ACCRA. – The recruitment of nurses by high-income countries from poorer nations is “out of control,”according to the head of one of the world’s biggest nursing groups.
The comments come as the BBC finds evidence of how Ghana’s health system is struggling due to the “brain-drain”.
Many specialist nurses have left the West African country for better paid jobs overseas.
In 2022 more than 1 200 Ghanaian nurses joined the UK’s nursing register.
This comes as the National Health Service (NHS) increasingly relies on staff from non-EU countries to fill vacancies.
Although the UK says active recruitment in Ghana is not allowed, social media means nurses can easily see the vacancies available in NHS trusts.
They can then apply for those jobs directly.
Howard Catton from the International Council of Nurses (ICN) is concerned about the scale of the numbers leaving countries like Ghana.
“My sense is that the situation currently is out of control,” he told the BBC.
“We have intense recruitment taking place mainly driven by six or seven high-income countries but with recruitment from countries which are some of the weakest and most vulnerable which can ill-afford to lose their nurses.”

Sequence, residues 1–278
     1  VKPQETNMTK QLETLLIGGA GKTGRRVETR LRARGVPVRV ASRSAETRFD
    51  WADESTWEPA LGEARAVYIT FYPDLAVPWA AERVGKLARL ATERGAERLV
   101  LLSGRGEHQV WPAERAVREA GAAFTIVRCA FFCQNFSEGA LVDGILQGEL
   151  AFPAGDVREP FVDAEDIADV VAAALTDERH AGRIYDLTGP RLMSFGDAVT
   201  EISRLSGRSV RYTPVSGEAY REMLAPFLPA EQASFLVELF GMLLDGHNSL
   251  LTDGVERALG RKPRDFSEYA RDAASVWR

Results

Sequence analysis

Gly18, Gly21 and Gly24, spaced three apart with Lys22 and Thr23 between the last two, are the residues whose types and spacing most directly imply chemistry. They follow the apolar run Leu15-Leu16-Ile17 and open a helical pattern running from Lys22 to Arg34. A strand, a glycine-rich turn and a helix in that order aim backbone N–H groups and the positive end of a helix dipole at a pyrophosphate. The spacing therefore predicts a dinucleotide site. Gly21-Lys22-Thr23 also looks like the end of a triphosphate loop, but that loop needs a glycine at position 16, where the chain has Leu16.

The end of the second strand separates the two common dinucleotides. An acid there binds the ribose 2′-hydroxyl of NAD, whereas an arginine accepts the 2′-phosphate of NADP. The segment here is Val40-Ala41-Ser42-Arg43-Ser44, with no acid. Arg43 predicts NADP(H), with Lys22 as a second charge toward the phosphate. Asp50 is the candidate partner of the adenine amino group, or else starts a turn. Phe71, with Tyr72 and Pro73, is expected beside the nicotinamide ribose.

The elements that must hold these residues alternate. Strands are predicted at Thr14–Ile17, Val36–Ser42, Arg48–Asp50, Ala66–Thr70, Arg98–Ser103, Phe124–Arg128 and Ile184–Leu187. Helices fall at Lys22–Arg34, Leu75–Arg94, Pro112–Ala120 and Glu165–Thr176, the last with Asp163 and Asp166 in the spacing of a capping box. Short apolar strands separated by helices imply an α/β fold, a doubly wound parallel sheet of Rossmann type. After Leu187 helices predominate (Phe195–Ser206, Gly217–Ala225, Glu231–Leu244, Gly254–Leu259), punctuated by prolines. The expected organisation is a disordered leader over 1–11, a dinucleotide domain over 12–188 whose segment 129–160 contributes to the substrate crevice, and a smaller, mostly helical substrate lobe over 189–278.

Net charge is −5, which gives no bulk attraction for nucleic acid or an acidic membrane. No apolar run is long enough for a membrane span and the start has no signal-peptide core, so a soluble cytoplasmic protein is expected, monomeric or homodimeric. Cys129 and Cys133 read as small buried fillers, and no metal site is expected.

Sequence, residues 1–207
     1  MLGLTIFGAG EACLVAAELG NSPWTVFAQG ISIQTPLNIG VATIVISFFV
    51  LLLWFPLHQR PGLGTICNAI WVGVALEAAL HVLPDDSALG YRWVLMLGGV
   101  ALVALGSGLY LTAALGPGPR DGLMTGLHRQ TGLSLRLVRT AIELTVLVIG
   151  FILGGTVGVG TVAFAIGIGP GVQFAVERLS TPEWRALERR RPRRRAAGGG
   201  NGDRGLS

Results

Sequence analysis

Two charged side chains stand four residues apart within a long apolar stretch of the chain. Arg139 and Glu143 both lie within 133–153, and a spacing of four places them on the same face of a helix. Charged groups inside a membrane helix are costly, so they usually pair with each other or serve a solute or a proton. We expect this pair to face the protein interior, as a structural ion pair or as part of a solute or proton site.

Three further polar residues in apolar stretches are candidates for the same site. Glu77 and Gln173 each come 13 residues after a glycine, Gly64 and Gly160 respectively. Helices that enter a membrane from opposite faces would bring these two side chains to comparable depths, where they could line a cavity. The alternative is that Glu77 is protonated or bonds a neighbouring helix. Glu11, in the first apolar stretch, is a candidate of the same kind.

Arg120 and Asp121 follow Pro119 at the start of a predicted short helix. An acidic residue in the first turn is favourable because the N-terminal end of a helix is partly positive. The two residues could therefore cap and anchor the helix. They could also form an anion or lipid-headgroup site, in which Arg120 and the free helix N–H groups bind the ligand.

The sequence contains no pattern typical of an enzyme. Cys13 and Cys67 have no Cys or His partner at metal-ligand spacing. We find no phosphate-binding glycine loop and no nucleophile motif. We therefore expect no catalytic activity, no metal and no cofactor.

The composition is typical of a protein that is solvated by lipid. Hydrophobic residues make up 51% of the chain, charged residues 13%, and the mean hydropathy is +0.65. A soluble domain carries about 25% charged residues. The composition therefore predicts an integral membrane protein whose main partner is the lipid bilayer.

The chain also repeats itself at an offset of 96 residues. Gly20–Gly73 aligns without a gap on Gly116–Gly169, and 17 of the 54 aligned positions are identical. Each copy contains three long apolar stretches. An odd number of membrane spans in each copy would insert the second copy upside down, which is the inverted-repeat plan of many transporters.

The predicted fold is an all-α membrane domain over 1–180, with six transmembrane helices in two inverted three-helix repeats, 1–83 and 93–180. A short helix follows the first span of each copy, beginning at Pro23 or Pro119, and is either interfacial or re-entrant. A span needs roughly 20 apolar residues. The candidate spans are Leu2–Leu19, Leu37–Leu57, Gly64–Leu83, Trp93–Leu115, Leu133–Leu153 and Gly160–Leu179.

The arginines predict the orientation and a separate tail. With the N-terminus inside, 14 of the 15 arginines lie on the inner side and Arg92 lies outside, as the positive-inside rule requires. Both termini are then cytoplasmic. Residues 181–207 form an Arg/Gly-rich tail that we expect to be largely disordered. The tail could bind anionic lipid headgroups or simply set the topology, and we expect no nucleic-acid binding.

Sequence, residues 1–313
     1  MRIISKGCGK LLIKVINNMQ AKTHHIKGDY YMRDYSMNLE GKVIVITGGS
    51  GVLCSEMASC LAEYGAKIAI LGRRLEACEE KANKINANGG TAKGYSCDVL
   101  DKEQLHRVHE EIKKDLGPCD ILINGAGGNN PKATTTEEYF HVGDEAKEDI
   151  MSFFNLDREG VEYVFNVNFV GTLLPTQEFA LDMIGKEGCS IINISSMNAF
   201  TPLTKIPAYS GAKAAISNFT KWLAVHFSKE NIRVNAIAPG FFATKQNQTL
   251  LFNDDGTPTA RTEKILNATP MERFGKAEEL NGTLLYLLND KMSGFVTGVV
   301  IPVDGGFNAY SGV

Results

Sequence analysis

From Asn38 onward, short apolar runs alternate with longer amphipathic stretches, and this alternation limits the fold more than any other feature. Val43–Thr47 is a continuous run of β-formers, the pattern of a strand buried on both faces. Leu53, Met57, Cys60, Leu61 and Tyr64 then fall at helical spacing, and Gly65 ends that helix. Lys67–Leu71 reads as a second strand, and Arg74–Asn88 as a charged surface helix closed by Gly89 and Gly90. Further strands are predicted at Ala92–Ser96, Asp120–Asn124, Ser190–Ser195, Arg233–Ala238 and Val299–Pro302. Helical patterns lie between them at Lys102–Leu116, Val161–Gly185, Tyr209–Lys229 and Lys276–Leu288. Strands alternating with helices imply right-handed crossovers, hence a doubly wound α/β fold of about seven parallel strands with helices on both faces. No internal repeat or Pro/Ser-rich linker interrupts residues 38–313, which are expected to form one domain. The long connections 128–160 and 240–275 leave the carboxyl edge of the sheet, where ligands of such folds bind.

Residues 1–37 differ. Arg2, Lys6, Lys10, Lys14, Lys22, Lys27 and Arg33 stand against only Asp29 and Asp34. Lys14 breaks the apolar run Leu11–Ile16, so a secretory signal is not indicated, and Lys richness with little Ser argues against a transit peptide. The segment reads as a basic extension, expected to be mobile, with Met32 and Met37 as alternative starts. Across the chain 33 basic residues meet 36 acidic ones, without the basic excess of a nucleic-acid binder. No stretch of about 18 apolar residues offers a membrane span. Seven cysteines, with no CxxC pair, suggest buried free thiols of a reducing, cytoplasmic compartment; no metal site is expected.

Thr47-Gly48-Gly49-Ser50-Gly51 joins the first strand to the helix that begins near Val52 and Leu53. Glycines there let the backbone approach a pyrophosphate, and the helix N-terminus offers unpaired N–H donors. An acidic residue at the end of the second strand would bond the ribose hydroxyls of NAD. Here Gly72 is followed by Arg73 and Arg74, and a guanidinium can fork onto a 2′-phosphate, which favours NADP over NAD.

The head of nursing at Greater Accra Regional Hospital, Gifty Aryee, told the BBC her Intensive Care Unit alone had lost 20 nurses to the UK and US in the last six months – with grave implications.
“Care is affected as we are not able to take any more patients. There are delays and it costs more in mortality – patients die,” she said.
She added that seriously ill patients often had to be held for longer in the emergency department due to the nursing shortages.
One nurse in the hospital estimated that half of those she had graduated with had left the country – and she wanted to join them. – BBC.